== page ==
This review may contain spoilers. I can handle the truth.
TheRingshifter’s review published on Letterboxd:
This review may contain spoilers.
This is an incredibly ugly film. Most obviously in its visuals, a kind of mid-2000s video game cutscene aesthetic, that just renders the entire film almost unwatchable. Secondly, the film is ugly in many of its moment to moment interactions, barefaced examples of screenwriting excrement. Thirdly, the messages and thematic ideas and conclusions of the film are ugly. Fourthly, the whole development and main constitution of the film as a 200-minute advertisement is extremely ugly.
Let's look at our hero Wade Watts, a kid with absolutely no redeeming qualities other than that he knows a lot about '80s culture. As it turns out, that happens to be the exact qualities that the developer James Halliday decided are vital for being worthy of inheriting an enormously important socioeconomic force known as "the OASIS". Not even "a good heart" or some chintzy shit like that. Literally just "knowing a lot about '80s shit and also my life". Being an obsessive. The film tries to shoehorn some of the aforementioned chintz in in two ways, to make the plot possibly a bit easier to keep down, morally speaking:
1. Trying to imply that friendship is needed because the challenges are hard. This clearly isn't the case since the people in second place behind them are a faceless cabal of immoral capitalists.
2. A completely shoehorned and nonsensical scene, where Watts is taken to a golden room and asked to sign a contract to get control of the OASIS. It turns out this was a trick, and for passing the final test, he gets control of the OASIS.
This film is truly one of the biggest and most obvious examples of the stated message of a film and the film's actual message being in complete opposition to each other. Stated message: "reality is real"; go outside and do stuff, the real world is ultimately what matters most. Actual message in the film: the world will be saved by being fucking great at video games and knowing a lot about '80s pop culture. Seriously, this dichotomy is almost unbelievable. Watts literally completes all the challenges, proving he is the best gamer, then confronts Halliday who tells him "the big lesson I learned was that reality is what really matters". There WHY THE FUCK did you make it so that control of a vast fortune and the power to shape the world would be almost GUARANTEED to go to someone who just plays in the fucking OASIS 24/7?!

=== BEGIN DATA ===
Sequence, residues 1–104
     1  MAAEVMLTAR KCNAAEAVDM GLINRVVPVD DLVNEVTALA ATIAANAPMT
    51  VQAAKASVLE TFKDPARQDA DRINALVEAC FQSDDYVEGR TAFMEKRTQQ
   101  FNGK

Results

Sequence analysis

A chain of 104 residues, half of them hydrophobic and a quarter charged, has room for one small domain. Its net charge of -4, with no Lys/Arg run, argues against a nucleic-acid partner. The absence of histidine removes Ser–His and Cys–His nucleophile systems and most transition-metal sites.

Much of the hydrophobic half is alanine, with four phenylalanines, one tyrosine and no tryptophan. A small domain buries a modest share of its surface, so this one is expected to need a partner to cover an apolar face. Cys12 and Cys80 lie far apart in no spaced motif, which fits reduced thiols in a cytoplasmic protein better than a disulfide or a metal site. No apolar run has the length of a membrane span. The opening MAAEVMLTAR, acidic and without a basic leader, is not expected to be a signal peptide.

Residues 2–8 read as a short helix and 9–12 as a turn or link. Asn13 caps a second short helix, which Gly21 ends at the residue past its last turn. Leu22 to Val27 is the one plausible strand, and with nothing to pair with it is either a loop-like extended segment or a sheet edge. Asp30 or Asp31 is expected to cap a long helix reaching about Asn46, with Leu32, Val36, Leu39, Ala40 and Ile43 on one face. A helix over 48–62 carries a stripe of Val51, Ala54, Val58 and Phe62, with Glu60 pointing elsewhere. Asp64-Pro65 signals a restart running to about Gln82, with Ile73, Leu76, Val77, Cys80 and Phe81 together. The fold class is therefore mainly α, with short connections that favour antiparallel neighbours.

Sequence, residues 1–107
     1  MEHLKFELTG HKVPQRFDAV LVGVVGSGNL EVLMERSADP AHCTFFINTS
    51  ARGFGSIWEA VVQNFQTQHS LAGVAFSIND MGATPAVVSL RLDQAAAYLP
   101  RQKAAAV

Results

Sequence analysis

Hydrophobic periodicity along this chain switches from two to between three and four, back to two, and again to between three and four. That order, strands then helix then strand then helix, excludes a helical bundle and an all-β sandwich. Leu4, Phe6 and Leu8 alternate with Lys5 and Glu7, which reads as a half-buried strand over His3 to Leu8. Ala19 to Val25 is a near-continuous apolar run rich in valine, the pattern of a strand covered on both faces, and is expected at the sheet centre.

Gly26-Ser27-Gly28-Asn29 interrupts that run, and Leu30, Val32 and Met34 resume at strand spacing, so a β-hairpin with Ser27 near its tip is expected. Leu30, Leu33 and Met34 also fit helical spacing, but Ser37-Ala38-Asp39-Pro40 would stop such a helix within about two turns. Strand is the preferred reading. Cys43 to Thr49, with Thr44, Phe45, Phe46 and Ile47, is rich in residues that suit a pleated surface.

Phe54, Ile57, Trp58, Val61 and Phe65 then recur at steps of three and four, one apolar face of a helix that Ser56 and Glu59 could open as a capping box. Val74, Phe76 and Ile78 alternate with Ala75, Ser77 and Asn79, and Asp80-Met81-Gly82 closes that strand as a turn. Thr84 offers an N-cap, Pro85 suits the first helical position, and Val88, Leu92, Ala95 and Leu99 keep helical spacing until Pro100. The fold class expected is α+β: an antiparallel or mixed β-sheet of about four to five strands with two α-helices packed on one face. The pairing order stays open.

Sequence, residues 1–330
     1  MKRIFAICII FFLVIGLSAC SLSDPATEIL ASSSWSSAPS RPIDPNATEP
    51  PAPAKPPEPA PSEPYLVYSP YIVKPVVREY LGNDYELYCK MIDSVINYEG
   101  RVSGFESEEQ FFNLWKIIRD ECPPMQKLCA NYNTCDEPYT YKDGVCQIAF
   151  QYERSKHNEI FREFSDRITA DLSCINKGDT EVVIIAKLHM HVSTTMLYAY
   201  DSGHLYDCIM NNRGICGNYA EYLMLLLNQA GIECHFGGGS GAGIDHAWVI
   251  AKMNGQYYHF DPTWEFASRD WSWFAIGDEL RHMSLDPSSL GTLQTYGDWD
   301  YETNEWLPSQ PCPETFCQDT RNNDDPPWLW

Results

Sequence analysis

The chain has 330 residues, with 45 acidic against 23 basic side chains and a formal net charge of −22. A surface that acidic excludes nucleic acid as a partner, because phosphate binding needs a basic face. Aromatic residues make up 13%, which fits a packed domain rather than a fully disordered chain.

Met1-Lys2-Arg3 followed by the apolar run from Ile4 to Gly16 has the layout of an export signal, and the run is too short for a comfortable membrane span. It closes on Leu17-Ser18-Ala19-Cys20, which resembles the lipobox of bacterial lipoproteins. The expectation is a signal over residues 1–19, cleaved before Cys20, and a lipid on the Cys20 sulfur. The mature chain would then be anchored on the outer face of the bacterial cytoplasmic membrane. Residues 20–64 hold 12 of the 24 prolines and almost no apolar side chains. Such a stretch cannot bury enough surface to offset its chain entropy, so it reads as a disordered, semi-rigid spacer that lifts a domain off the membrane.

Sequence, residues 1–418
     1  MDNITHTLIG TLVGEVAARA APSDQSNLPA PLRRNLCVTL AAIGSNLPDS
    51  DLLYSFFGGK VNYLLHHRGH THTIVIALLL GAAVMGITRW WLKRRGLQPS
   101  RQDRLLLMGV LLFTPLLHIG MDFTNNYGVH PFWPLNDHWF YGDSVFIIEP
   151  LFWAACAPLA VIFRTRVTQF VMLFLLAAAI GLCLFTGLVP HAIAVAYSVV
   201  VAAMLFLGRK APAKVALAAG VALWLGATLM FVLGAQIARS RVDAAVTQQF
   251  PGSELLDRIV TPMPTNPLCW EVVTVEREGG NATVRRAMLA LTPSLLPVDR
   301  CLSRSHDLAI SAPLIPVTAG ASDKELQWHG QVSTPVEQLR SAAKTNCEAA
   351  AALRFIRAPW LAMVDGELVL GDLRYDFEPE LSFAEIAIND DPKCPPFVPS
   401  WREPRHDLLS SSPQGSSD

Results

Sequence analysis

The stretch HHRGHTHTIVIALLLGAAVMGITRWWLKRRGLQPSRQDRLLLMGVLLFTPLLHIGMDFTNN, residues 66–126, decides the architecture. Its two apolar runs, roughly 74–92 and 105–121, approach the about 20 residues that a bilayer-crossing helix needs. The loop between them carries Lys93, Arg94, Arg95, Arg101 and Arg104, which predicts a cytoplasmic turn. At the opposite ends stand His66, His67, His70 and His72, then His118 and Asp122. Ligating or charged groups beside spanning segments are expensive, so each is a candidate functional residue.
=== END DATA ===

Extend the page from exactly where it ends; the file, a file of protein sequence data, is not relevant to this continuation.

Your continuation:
The film is also full of unexplained or implausible elements around how the game precisely operates (why would people *choose* to feel a painful kick to the gonads?), some are just... weird (the way to escape the infamous and widely feared loyalty centres is to... look up the design of the cages online?). The main issue with the plot is just that it's completely devoid of any weight or meaning or anything. It's literally just a quest to win this prize. There aren't really any arcs or anything, no chemistry. Just a boring video game.
On top of the visuals just being bad CGI, they are made even more ugly by the necessity of mashing together many different visual styles. The underlying reason for this is possibly the biggest problem I have with this film, and why I think it is really a turning point in the film landscape, and the entertainment world as a whole. This whole goddamn film is just a giant advertisement. Old films are referenced, and reeled off: Back to the Future, Buckaroo Banzai, Fast Times at Ridgemont High, <the Iron Giant (in a particularly egregious "cameo"), Terminator, Animal House. There is also a slew of '80s music. But perhaps most distasteful, nonsense references to modern games: Minecraft (which truly is almost literally an in-film advertisement), Overwatch, Halo. These references don't even really make sense in the context of the book / film's universe, where culture is supposed to have stagnated after the '80s, and people are obsessed with '80s culture because it is what their god figure Halliday loved. They only make sense financially.
I think it would be hard to overstate how much Kubrick would hate the the Shining sequence. And I pretty much hated it too. It's probably the most "interesting" part of the film, from a theoretical point of view. The idea of contrasting a classic film with hideous CG characters almost has some potential humour to it, but the way the characters act and the (lack) of humour just turn it into another meaningless reference.
This film just makes me sad. It's not a fun ride. It's action scenes are near vomit-inducing. It's plot is pointless, boring and sad. It's characters are a slew of nothings, Mary Sues, and stereotypes. I don't even consider Speilberg one of my favourite directors, but the fact that the man who directed Jaws, Schindler's List, and Catch Me If You Can has now directed this utter dreck, is just... sad.
Edit 2: Reformatted a bit, added some more... I feel like this film gives me a lot to whine about.